Review – Harley Quinn #66: Harley vs. Chaos and Order

Comic Books DC This Week
Harley Quinn #66 variant cover, via DC Comics.

Harley Quinn #66 – Sam Humphries, Writer; Sami Basri, Artist; Hi-Fi, Colorist


Ray – 9.5/10

Ray:The Trials of Harley Quinn” has been one of the most inventive and complex storylines the character’s ever been through, combining cosmic adventures with meta-commentary on event books and a very human story of Harley grappling with the death of her mother. It also introduced the fascinating Mirand’r, a Tamaranean teen ghost who has been Harley’s spirit guide.

But in Harley Quinn #66, Harley’s completed all her challenges and has officially become the avatar of the Lords of Chaos and Order – represented as a giant glowing eye and an angry-looking cloud. They give her a shiny suit of armor, a flaming sword, and a new mission – which she promptly disregards to try to kill them for what she thinks is their role in the death of her mother. After being thoroughly blasted across the universe, the Lords take her to a neutral zone – which resembles a southern parlor where they’re represented as a pair of old ladies enjoying afternoon tea.

Harley transformed. Via DC Comics.

The dichotomy of cosmic powers representing themselves as stern old ladies aside, this is a fascinating issue that puts a satisfying capper on the story of Harley dealing with the one thing she can’t beat – death. The Lords of Chaos and Order are surprisingly compassionate for inhuman cosmic entities, and they give Harley and her mother a chance to say goodbye. This is a segment that firmly eschews maudlin grief and instead gives Harley the kind of goodbye I’m sure many people wish they could have had with a loved one. This is an incredibly powerful comic, and it proves that Sam Humphries is slowly building himself a resume as one of DC’s best writers. It gives Mirand’r a satisfying send-off, but I’m hoping this isn’t the end of the character – am I the only one who thinks this character is the closest thing the DCU has to cartoon Starfire? By the end of the issue, Harley is off for a new and incredibly meta adventure, and I’m hoping Humphries has a lot longer in his run to go.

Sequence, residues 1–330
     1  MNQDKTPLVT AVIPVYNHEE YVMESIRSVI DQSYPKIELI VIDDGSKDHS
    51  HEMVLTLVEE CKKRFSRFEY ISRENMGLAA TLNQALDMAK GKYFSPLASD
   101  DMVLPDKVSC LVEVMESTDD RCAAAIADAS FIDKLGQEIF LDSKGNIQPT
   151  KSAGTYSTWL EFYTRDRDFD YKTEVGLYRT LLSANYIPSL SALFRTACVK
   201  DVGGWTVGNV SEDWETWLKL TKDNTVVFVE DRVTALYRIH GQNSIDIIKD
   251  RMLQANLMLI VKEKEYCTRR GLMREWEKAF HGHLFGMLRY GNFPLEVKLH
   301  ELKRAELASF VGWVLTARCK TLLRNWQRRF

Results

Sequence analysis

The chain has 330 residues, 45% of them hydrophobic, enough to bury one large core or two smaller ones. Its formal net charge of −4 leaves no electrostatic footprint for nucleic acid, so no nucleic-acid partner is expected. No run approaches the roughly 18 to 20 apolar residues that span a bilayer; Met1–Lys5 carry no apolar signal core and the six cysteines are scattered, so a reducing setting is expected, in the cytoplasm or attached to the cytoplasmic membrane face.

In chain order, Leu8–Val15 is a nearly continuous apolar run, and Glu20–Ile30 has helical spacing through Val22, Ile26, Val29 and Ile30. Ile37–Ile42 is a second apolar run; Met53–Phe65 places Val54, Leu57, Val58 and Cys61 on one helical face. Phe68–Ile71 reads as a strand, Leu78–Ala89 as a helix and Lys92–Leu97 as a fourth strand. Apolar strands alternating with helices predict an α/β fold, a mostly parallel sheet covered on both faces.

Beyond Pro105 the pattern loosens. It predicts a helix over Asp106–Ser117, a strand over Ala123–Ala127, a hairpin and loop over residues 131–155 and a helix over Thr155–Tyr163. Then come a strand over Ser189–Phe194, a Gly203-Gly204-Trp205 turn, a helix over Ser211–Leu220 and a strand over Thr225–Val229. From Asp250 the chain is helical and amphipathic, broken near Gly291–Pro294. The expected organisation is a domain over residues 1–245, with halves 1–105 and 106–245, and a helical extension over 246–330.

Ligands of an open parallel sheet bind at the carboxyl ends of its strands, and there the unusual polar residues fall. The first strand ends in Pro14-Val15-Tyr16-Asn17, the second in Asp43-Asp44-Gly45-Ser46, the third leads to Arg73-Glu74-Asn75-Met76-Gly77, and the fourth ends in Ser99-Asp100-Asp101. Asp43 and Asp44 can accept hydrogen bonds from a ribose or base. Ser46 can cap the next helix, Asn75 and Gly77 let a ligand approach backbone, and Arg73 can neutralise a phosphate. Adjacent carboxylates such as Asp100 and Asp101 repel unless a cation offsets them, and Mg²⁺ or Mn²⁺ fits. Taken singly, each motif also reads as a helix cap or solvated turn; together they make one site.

To find reviews of all the DC issues, visit DC This Week.

Disclaimer: GeekDad received this comic for review purposes.

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